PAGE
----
Each method of paddy cultivation has its own advantages and disadvantages, and farmers should choose the best one according to their local conditions and preferences. Paddy cultivation is a complex and challenging process that requires careful planning, management and monitoring to ensure a successful harvest.
Direct Seeded Rice (DSR): A Sustainable and Profitable Method of Rice Production
- Rice is one of the most important staple crops in the world, especially in Asia, where it provides food and income for millions of farmers and consumers. However, rice production faces many challenges, such as water scarcity, labour shortage, climate change, and environmental degradation. To overcome these challenges and meet the growing demand for rice, new and innovative methods of rice cultivation are needed.
- One of the potential solutions is direct-seeded rice (DSR), also known as the 'broadcasting seed technique'. DSR is a water-saving method of sowing paddy, where seeds are directly drilled into the fields, without nursery preparation or transplantation.
This method has many advantages over the conventional method, such as:
- Faster planting and maturing of crops.
- Savings on irrigation water by 12-35% under efficient water management practices.
- Reduction of labour and drudgery by eliminating seedling uprooting and transplanting.
- Lower cost of cultivation and higher income.
- Lower greenhouse gas emissions and less soil disturbance.
- Mechanization of DSR creates employment opportunities for youth and women farmers.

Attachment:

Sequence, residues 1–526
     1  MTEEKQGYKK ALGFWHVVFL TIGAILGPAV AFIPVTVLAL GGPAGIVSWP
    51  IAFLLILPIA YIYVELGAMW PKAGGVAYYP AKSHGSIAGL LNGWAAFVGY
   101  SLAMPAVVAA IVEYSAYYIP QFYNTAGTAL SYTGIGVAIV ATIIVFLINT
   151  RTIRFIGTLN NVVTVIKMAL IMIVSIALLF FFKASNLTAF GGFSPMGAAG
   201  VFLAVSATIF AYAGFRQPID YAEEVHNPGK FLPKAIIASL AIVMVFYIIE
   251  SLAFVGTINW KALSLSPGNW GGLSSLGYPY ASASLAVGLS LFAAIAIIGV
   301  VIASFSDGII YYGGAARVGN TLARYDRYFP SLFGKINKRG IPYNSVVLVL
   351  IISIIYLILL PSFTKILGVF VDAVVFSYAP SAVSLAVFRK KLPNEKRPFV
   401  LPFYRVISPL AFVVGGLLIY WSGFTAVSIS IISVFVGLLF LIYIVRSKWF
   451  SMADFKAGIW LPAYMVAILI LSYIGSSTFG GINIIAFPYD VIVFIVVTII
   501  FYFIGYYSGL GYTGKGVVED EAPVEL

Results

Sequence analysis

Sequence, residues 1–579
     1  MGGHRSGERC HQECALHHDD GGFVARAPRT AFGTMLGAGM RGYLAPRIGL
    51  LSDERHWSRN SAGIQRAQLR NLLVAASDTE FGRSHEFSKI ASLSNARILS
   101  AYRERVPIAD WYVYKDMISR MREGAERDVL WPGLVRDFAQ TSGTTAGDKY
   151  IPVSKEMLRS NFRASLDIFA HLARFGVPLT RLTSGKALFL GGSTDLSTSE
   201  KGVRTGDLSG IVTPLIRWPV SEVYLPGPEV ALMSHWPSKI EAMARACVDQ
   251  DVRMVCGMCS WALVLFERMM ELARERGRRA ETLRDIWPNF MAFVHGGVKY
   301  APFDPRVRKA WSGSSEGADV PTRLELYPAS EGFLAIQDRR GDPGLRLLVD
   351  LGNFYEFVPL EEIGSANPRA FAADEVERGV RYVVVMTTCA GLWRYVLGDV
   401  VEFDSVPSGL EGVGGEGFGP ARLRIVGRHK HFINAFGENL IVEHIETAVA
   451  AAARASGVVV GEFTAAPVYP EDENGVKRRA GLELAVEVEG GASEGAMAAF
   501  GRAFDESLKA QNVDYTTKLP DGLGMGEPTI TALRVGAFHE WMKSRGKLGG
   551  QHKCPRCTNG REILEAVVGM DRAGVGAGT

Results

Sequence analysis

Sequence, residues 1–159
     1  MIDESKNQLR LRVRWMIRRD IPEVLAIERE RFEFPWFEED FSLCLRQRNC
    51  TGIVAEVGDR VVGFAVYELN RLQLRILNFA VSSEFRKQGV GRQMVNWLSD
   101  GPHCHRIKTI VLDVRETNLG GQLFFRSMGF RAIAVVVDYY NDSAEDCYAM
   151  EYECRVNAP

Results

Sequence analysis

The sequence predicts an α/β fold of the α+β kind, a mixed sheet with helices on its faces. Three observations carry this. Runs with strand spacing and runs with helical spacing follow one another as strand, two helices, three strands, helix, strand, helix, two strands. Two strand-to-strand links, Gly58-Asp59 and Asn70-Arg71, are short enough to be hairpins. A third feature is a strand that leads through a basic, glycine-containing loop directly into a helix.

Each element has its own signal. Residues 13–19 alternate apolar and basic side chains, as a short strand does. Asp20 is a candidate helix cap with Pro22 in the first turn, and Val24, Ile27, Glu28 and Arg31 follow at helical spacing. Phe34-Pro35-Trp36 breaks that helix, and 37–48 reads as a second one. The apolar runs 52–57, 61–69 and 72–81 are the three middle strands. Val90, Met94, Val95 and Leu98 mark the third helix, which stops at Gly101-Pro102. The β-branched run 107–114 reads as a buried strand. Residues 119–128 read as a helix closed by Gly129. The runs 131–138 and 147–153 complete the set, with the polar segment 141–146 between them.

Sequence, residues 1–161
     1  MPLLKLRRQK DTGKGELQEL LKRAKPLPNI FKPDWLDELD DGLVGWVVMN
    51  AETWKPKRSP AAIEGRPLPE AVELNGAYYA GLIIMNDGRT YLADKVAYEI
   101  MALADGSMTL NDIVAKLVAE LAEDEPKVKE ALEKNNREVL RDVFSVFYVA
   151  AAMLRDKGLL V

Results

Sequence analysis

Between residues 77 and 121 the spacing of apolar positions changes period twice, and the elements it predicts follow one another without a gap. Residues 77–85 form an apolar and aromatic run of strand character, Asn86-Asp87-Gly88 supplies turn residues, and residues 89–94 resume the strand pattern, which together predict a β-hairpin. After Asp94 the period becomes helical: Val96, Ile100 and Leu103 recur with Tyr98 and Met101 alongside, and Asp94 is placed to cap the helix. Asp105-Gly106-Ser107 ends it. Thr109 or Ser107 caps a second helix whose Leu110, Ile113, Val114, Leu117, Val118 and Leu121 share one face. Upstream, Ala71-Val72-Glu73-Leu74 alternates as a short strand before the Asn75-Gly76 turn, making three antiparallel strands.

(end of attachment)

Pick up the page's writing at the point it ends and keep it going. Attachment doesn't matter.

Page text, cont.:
However, DSR also faces some challenges that limit its wide-scale adoption, such as:
- Higher seed rates and risk of poor or non-uniform crop establishment.
- Seeds exposed to birds and pests.
- Weed management and higher risk of lodging.
- Lack of suitable varieties and machinery for different agro-climatic conditions.
- Lack of awareness and knowledge among farmers and extension workers.
To address these challenges and make DSR more sustainable and profitable, an integrated and scientific approach is needed. Some of the key steps are:
- Selecting suitable varieties that are tolerant to drought, submergence, salinity, pests, and diseases.
- Using quality seeds that are pre-treated with fungicides and insecticides.
- Adopting proper land preparation techniques that ensure a smooth, level, and weed-free seedbed.
- Applying pre-emergence herbicides within 1-3 days after sowing to control weeds effectively.
- Using appropriate machinery for sowing, weeding, fertilizing, and harvesting.
- Practising efficient water management practices that optimize irrigation scheduling and avoid waterlogging or drought stress.
- Monitoring crop growth and pest incidence regularly and taking timely corrective measures.
- Following recommended agronomic practices such as seed rate, spacing, fertilizer dose, etc.
- Participating in farmer groups or cooperatives that facilitate access to inputs, services, information, and markets.
Best Practices for DSR Cultivation